Ok, well crude careened lower about an hour ago, seemingly out of the blue.
You’re reminded that oil hit an 8-week high on Wednesday, buoyed by EIA data which largely confirmed Tuesday’s bullish API numbers, jitters about Venezuela, and promises of a cap on Saudi exports.
After the bell, we learned that Whiting is cutting its 2017 budget by 14% to $950 million. That came one day after Anadarko announced plans to cut spending.
So that’s all ostensibly bullish, but again… this:
“Brent falls below $51/bbl, WTI below $48.50 as trading activity spikes,” Bloomberg writes, before noting that “WTI volume surged to 5,138 contracts traded at 12:10pm in London and day-high 5,345 at 12:53pm; Brent trading activity mirrored WTI momentum.”
For what it’s worth, Goldman was out with something this morning called “Green Shoots In The Oil Market.”
Below, find some excerpts…
While OPEC’s production path remains uncertain, recent fundamental oil data have come in even better than we had expected. Strong demand, even better than our above consensus expectations, is particularly noteworthy as it can help absorb the recent decline in production disruptions. If sustained, these trends would help achieve the normalization in inventories by early next year, which was our base case before the surprisingly large rebound in Libya/Nigeria production in mid-June.
- Inventory declines are accelerating. Through only three weeks in July, weekly data in the US, Europe, Singapore and Japan point to inventory declines of 83 million barrels (mb) since March vs. seasonal builds of 27 mb, with this high frequency data implying that half of the excess stock rebalancing has been achieved. Our supply and demand forecasts point to sustained draws through 3Q, although higher US, Brazil, Canada and Libya production should reduce the pace of draws into year-end.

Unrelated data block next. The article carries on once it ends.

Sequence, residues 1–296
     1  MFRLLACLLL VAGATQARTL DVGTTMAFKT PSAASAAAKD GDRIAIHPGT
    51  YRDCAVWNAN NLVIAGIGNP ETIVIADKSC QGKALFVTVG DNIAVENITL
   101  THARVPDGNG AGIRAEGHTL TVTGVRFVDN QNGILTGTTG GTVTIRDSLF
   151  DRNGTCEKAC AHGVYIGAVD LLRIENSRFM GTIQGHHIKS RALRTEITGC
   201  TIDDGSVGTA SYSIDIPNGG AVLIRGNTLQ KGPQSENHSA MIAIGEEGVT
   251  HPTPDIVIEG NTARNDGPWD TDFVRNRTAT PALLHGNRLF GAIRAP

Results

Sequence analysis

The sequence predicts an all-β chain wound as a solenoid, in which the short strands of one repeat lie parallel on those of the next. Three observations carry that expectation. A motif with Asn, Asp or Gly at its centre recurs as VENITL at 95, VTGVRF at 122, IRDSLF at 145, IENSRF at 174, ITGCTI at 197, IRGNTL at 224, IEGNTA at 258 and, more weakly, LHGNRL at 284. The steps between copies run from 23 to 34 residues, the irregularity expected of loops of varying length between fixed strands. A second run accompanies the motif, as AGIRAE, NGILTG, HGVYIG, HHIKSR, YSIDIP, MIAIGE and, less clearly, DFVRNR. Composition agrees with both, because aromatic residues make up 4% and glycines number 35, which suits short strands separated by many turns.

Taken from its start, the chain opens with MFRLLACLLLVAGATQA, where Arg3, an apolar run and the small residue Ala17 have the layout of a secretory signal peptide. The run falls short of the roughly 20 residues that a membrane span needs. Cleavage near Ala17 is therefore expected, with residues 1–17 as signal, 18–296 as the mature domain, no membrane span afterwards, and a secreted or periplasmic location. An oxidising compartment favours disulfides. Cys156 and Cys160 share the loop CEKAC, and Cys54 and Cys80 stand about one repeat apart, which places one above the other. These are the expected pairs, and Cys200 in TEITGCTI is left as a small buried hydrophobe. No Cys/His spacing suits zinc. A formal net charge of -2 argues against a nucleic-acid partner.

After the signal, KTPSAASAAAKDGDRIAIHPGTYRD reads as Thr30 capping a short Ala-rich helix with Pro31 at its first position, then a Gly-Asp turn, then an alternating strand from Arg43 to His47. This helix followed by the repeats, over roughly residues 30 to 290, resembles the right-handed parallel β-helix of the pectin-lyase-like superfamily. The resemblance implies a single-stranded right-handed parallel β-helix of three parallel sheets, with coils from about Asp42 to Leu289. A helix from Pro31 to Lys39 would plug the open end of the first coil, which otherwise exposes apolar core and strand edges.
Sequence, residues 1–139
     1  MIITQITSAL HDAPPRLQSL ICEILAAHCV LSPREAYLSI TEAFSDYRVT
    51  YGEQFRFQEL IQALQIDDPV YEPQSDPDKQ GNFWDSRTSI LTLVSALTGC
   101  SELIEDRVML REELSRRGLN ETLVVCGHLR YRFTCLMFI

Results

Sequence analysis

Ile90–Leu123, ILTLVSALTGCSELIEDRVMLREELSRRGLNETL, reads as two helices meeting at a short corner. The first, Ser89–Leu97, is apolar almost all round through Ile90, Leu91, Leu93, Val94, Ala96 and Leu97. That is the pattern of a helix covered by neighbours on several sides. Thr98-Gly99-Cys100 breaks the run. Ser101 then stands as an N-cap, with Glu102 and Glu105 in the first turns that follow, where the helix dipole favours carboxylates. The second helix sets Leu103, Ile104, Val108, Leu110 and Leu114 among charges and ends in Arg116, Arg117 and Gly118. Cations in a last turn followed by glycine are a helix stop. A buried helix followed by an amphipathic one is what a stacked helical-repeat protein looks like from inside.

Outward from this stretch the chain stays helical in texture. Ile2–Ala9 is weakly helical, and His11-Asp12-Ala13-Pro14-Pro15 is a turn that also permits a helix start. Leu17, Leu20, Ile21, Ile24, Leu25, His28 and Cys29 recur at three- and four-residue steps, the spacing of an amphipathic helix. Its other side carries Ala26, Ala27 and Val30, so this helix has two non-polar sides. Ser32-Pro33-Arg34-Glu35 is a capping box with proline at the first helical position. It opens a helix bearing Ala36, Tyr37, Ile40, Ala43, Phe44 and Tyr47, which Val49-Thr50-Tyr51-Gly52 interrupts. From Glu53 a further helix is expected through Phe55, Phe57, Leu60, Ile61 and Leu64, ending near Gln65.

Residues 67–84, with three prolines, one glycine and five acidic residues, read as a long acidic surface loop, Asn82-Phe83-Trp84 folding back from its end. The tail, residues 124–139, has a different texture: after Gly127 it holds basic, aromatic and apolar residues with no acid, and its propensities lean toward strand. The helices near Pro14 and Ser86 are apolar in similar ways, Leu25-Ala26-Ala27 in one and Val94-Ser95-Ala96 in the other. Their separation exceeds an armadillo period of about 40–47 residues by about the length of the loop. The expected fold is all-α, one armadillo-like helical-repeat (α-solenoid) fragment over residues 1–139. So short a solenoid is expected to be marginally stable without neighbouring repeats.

- Demand is beating low consensus expectation. We have long held a strong 2017 oil demand growth forecast, driven by robust economic activity and low prices. Although reliable demand information is lagged, May and preliminary June data corroborate our above consensus forecasts, with Europe, the US, India and China driving consumption higher. We expect such strong demand growth to remain in place in 2H 2017, consistent with current strong refining margins.
- Shale activity is beginning to slow. We expected the decline in prices to near $45/bbl over the past couple of months to gradually translate into lower US activity. This is occurring with the US horizontal oil rig count declining for two consecutive weeks and a couple of producers reducing their rig count guidance during the just started US earnings season. Admittedly, this decline is only modest and the current rig count of 653 remains above the 600 level that we believe can allow for higher OPEC revenues and market share next year.
- Disruptions are normalizing. Libyan production continues to ratchet higher, now at 1.05 mb/d, with the cease-fire reached between the two local governments potentially allowing production to reach the year-end 1.2 mb/d target. This is, however, now offset by renewed disruptions in Nigeria, with the Bonny Light crude stream once again offline. Disruption may further pick up in Venezuela given the ongoing tensions.
- OPEC cuts are supported by rhetoric and flows. Aggregate OPEC production is up since May on higher Libya/Nigeria and Iraq volumes. Compliance among the core producers – which are ultimately the ones driving the cuts – remains strong, however, with these producers reiterating their commitment to the cuts on Monday and Saudi Arabia and UAE explicitly targeting lower exports in coming months. While larger cuts may be required if the recovery in Libyan production is sustainable, Nigerian disruptions and stronger than expected demand can also help absorb this additional supply